When her dad was still alive Emily was not to be with any man because, “None of the young men were quite good enough for Miss Emily and such (Faulkner 158),” and when her daddy finally died the towns individuals started to take his place in interfering in Emily’s life. After Emily has actually been dating Homer for a little over a year the town begins to presume the couple’s relationship to be scandalous, presuming grownups in their thirties would engage in sexual acts, and leads the town to act into their own hands by sending out the town’s Baptist priest to talk with Episcopal Emily about her actions.
The talk with Emily was unsuccessful, triggering the town to then call in Emily’s out of state cousins to watch over her. Emily in turn responds by heading out into town to purchase guys’s clothing and toiletries, which in turn leads the town and Emily’s cousins that she is wed or is going to soon marry Homer (Faulkner 161-162). The direct disturbance in Emily’s life is the townspeople blatantly displaying that they no longer have a tolerance for her relationship with Homer, and reveal a blind eye when Emily purchases arsenic when out in town buying the guys’s toiletries and clothes.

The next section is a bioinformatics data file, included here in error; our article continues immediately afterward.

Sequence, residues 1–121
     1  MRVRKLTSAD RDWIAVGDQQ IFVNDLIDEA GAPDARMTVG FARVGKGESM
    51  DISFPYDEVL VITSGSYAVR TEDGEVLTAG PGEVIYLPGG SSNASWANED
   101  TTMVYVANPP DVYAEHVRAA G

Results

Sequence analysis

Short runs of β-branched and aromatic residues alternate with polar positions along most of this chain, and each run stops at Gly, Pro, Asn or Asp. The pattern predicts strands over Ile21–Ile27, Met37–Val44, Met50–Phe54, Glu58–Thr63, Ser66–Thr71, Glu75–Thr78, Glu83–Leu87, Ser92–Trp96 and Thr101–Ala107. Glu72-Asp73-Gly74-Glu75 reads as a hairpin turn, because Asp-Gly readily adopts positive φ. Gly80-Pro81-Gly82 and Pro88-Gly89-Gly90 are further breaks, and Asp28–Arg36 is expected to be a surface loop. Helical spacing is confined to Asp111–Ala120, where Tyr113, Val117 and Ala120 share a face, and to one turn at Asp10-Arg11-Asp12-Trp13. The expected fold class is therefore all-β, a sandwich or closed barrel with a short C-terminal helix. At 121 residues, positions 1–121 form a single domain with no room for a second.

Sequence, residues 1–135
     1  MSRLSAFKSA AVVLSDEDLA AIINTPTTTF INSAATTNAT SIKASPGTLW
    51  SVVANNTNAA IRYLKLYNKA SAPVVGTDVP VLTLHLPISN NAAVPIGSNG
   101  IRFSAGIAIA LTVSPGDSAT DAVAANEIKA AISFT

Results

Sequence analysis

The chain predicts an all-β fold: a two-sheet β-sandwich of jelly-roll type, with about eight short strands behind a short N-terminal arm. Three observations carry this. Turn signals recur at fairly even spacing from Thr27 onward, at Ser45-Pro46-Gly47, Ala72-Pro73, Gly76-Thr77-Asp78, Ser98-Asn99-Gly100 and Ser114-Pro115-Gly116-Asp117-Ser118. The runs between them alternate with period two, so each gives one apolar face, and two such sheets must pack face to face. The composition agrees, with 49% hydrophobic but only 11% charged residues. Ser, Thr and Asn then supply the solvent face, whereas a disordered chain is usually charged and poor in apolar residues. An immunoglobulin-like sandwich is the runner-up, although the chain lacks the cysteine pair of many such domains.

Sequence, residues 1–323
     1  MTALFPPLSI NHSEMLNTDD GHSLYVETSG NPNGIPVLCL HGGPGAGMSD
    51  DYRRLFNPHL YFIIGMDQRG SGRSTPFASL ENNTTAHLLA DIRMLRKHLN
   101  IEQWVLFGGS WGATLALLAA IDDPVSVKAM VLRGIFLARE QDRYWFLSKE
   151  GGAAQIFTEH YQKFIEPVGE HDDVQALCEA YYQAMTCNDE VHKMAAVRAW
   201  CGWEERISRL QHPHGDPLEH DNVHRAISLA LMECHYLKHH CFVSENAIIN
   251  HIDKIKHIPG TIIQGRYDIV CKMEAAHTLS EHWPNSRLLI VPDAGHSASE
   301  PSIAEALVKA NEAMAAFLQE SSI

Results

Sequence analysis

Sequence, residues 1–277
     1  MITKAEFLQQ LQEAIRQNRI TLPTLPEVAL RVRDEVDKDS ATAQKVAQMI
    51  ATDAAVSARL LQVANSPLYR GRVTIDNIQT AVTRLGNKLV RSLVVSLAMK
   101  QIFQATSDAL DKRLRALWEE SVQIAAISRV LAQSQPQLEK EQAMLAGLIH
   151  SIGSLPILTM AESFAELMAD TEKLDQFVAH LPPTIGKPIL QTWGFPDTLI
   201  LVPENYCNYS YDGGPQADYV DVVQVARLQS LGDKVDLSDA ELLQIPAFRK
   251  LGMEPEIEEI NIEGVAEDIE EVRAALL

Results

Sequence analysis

Once the cousins think that Emily is to wed Homer they leave, however that does not change the reality that the townspeople directly disrupted Emily’s personal affairs and still hold Emily in high requirements. This means that even if Emily were to marry Homer the townspeople would still gossip on how Homer is a bad moral example for the Jefferson youth. Chatter was a continuous suggestion to Emily of the expectations required of her and the interference to remind her of this. Gossip is also consistently revealed throughout Faulkner’s story.